No, this isn’t another new regular feature here at The Inbox, but I thought I send your way a couple of interesting pieces about food to send you into your BBQ and picnic-filled weekend.
Charles talks with local high school seniors about author Ben Hewitt’s, The Town That Food Saved, which chronicles the growth of small, mostly organic agribusiness in Hardwick. (Listen to my interview with Hewitt here.)
Here’s what one of the students say:
“He only covers one side of the town,” says Derek Demers. “There’s the side of the town that’s for the local food movement, but I think there’s an even greater side of the town, with more people, that can’t afford the local food. I work at our local supermarket grocery store, and I see most of the people in town there.”
That supermarket food is shipped in from far away, but it’s mostly cheaper than the local squash and greens and tomatoes on sale at the town co-op.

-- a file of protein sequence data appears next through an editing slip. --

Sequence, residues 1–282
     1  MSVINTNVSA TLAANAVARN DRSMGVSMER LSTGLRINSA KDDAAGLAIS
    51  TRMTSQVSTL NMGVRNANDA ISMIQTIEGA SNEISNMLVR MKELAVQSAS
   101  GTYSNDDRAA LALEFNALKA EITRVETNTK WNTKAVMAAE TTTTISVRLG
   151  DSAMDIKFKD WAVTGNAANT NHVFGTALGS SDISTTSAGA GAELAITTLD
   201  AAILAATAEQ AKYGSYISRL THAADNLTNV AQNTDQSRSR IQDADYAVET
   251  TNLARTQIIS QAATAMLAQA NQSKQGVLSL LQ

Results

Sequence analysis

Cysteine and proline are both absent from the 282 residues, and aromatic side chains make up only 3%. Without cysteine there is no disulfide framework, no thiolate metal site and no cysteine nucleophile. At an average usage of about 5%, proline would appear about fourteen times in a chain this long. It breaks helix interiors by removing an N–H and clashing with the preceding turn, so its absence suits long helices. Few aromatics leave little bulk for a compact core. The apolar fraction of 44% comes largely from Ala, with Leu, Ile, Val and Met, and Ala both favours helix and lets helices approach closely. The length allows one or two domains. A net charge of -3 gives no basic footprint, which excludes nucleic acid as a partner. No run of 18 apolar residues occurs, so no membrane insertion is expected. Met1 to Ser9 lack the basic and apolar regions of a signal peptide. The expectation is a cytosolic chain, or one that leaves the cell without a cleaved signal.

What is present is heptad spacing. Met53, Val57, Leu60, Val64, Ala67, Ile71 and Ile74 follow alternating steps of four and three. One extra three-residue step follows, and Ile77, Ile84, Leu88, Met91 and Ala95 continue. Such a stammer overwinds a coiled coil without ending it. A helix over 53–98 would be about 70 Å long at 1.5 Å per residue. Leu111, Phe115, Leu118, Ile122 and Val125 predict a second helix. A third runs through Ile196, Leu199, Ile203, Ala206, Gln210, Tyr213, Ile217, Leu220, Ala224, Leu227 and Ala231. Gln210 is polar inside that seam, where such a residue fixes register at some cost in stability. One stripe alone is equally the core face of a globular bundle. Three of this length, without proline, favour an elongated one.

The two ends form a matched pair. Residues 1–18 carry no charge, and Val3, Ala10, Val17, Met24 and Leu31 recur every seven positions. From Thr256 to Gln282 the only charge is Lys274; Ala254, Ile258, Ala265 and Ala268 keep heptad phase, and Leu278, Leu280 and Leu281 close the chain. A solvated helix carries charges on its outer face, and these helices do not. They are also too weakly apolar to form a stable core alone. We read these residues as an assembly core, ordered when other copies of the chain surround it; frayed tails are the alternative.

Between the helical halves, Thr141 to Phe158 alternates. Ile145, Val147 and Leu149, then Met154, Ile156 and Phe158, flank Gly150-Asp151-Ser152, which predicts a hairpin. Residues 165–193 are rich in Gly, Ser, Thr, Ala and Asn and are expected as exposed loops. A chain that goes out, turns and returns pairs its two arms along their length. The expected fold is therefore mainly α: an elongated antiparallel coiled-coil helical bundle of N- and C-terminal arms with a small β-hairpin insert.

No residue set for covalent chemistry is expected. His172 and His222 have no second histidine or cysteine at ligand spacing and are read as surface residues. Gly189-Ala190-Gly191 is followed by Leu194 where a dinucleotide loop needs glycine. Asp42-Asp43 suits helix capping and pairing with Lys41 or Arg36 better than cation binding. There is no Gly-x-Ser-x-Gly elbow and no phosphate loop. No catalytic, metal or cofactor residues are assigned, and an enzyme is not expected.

It’s become an ironic fact of modern life (and the U.S. subsidy system) that fresh fruits and vegetables, once the food of peasants and poor folks, are today more expensive than meat and fatty and sugary products.
Not everybody can afford a “local diet” these days. But Charles’ story details how Hardwick is trying to change that.
It’s not just a problem here in the U.S. According to this NPR story, kids in Italy, Spain, and Greece are getting fatter from abandoning the Mediterranean diet:
There’s no match for the huge marketing efforts and promotion of junk food, and we have to protect our children,” said Walter Willet, professor of epidemiology and nutrition at Harvard School of Public Health, and one of the researchers who helped to popularize the Mediterranean diet in the U.S. back in the early 1990s.
So here’s a question to chew on for the weekend. What signs do you see in the North Country of a healthy local food system? Where can you get good, healthy food for decent prices?